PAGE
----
Public school systems rely on municipal bonds to fund various types of projects. Ensuring such bonds are structured beneficially and used appropriately requires a fundamental understanding of municipal bonds, budgeting and auditing for accountability. The online Education Specialist (Ed.S.) in Educational Leadership, Superintendency program from Arkansas State University (A-State) explores these subjects in depth through the study of school business management.
What Are Municipal Bonds?
According to Investopedia, "A bond could be thought of as an I.O.U. between the lender and borrower that includes the details of the loan and its payments." Essentially, the borrower (or issuer) issues the bond, promising to repay the lender (or investor) the principle of the loan plus interest over a set period of time.
Municipal bonds are issued by governmental entities, including states, cities and counties. Bonds issued by a school district would fall into this category.
The interest lenders earn on municipal bonds is tax free in many cases. As a result, municipal bonds are considered low-risk investments. They may not provide as much potential return on investment to lenders as riskier securities, but the dependability and steady, tax-free interest income of municipal bonds is attractive to risk-averse lenders.
The municipal bond issuer benefits from paying relatively low interest rates on the loan principal and structuring repayment in manageable ways. Additionally, the borrower can issue a large quantity of bonds to many lenders, enabling borrowers to raise far more capital than possible with a typical bank loan.
Why Do School Systems Use Bonds as Funding Sources?
School districts issue bonds to raise capital needed for large projects like renovating, updating or building new schools, buying buses or funding technology integration initiatives. These types of projects require a substantial amount of upfront capital, beyond what can be allocated from typical annual budgets.
By issuing bonds to raise capital, school systems can spread debt repayment over an extended period. Debt is generally repaid through an allocated portion of property tax rates.
What Does the Bonding Process Look Like for School Systems?
A large-scale municipal bond issue involves many factors and stakeholders. When law demands that voter approval is required to increase municipality spending, debt or tax rates, the bond issue will be put to voters as a referendum.
A successful bond referendum requires an intensive voter outreach and education campaign, community involvement and advocacy. Voters need to know where their dollars are going, why the school system needs funding and how the project will benefit students, teachers and the community.
A-State's superintendency Ed.S. program examines the complex relationships supporting these campaigns. The superintendent fosters support and involvement from school board members, educators and school administrators, local businesses and the community. These relationships and advocate networks are central to garnering the voter support needed for successful bond referendum campaigns.
But, as American School & University notes, "By the time a bond referendum is put before voters, it may have gone through years of planning, strategizing, and communicating to the public." All the relationships superintendents form are central to this planning process.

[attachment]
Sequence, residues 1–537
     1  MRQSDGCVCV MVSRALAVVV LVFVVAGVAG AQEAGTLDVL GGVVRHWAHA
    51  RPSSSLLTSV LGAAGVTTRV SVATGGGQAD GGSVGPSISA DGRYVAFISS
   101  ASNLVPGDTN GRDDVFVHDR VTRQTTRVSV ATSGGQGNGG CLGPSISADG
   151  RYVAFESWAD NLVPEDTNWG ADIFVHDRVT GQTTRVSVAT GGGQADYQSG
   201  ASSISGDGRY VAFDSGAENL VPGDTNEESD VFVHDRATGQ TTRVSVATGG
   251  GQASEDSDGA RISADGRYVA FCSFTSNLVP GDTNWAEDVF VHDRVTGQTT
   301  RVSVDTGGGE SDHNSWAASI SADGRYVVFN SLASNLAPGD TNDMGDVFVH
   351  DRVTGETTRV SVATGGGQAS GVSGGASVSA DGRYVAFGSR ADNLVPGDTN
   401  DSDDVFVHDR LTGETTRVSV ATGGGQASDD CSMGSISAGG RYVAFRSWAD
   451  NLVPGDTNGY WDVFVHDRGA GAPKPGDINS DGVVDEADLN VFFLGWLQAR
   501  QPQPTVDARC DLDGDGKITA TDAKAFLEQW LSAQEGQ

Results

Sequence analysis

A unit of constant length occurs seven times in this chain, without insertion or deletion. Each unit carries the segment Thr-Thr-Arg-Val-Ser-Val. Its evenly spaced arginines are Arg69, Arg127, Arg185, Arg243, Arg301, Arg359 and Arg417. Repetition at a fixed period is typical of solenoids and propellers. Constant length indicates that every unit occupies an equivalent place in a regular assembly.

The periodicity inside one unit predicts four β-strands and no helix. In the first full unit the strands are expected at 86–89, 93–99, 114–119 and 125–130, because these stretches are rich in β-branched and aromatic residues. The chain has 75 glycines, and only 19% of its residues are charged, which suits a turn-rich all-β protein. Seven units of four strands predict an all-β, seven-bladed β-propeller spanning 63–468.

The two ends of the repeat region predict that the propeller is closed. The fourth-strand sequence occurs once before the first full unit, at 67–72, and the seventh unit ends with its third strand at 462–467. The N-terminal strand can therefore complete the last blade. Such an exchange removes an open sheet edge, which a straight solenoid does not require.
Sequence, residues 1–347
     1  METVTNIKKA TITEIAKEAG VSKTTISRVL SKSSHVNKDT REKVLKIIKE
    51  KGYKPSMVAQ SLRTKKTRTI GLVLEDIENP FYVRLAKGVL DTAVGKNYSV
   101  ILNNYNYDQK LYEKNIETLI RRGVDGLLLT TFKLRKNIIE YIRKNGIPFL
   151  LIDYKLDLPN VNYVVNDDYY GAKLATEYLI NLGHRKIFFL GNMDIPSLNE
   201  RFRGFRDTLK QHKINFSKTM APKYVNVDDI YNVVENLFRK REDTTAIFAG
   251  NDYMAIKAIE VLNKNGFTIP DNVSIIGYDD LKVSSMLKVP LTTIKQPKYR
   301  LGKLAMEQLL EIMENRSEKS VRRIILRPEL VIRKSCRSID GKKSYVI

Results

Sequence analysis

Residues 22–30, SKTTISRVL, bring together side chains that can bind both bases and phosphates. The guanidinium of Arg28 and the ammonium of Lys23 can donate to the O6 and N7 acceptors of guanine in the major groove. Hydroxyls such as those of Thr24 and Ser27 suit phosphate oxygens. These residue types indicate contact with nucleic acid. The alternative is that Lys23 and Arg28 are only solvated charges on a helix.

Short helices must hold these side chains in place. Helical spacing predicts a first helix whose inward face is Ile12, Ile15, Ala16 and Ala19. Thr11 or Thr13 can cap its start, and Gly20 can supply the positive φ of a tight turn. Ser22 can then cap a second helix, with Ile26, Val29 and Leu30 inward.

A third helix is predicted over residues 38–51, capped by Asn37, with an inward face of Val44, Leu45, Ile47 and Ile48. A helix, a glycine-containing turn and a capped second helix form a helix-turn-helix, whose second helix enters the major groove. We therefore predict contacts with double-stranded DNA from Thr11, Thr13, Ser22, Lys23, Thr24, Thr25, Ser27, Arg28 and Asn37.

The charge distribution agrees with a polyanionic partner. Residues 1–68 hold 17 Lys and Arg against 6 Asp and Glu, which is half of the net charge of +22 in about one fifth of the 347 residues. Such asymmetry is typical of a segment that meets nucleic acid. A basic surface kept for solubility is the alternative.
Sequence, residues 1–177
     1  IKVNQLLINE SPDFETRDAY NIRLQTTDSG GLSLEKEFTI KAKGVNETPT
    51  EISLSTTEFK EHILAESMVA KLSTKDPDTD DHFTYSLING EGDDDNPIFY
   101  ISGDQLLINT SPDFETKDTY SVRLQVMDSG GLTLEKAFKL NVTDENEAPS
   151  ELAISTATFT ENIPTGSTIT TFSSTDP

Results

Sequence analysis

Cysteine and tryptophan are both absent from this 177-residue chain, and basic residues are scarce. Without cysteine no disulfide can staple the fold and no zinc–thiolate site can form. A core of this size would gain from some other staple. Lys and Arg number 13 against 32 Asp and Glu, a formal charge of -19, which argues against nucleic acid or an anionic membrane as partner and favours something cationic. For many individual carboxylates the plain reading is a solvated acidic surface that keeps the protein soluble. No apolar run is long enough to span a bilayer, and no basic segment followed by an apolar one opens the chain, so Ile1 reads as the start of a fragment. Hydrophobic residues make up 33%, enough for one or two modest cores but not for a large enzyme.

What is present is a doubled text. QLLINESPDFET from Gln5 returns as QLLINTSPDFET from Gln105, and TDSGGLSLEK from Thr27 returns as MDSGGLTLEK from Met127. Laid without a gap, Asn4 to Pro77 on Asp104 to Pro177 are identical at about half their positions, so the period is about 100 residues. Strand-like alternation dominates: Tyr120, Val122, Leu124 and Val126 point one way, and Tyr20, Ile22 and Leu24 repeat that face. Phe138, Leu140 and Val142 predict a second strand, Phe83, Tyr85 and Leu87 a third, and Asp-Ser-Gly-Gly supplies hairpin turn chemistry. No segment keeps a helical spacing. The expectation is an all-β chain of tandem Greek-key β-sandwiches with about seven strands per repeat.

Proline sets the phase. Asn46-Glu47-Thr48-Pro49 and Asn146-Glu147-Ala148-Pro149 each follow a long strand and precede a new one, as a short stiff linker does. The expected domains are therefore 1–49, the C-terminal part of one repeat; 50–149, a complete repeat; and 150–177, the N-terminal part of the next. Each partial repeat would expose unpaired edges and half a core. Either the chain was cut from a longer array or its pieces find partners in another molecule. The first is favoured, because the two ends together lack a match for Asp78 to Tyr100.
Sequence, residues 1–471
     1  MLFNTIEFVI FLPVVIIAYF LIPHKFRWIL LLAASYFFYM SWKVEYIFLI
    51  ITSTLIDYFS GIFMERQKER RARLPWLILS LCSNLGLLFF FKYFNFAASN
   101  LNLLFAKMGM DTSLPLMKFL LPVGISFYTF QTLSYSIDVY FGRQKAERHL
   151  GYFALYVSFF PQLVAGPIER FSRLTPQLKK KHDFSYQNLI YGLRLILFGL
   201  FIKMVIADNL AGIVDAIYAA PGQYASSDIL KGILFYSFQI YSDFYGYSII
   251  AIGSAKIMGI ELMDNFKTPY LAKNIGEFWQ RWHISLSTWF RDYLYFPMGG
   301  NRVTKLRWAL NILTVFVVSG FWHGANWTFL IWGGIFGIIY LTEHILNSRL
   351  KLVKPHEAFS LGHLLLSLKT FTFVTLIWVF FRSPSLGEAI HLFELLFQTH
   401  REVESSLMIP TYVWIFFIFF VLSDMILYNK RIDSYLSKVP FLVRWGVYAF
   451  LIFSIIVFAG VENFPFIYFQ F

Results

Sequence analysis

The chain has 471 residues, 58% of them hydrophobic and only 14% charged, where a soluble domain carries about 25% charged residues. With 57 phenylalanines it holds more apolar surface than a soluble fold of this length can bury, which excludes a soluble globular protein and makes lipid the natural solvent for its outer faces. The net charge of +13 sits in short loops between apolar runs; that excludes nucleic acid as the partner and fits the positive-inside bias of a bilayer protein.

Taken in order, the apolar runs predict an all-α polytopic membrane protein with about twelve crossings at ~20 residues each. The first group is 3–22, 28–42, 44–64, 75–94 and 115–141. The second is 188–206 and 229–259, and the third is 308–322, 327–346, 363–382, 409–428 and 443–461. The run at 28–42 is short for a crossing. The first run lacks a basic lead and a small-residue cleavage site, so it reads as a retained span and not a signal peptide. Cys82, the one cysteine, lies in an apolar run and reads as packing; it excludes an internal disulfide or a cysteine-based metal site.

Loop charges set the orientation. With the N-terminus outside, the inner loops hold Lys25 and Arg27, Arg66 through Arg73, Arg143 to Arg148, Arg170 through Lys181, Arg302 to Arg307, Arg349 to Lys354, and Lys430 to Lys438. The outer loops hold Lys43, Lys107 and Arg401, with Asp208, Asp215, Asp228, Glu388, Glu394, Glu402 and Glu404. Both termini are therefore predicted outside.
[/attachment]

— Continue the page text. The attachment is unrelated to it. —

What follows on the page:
Representatives from all groups of stakeholders may form a steering committee, engaging the community and gathering input through focus groups, opinion polls and other methods. From this input, the committee can determine issues that community members feel are significant.
The projects with the highest need and public support are assessed for estimated cost, timeline, etc. As the financial scope takes shape, the school district will generally engage outside financial companies (bond underwriters and financial advisors) to structure bond proposals and deals. Ideally, financial companies work to structure bonds as favorably as possible for the district.
Although, as The Hechinger Report points out, this is not always the case. Financial companies may charge exorbitantly high fees. These companies may also be inclined to structure bonds with higher interest rates, making them easier to sell. Poorly structured bonds can cost school districts and taxpayers millions in unnecessary interest payments and fees.
Plus, school districts with a poor credit rating and/or those without financially savvy administrators may not seek better, competitive bond deals. This another an important reason why school superintendents should fully grasp the ins and outs of municipal bonds.
School district administrators must also ensure bonding and spending are monitored and managed carefully following a successful bond referendum. For instance, Cleveland included the creation of a Bond Accountability Commission in a bond proposal, helping voters feel confident about the responsible expenditure of tax dollars.
All aspects surrounding the use of municipal bonds by school systems impact a superintendent's short- and long-term responsibilities. Superintendents can be instrumental in maintaining beneficial, well-managed bond programs for their school communities by developing municipal bond expertise, leadership skills and strong community relationships.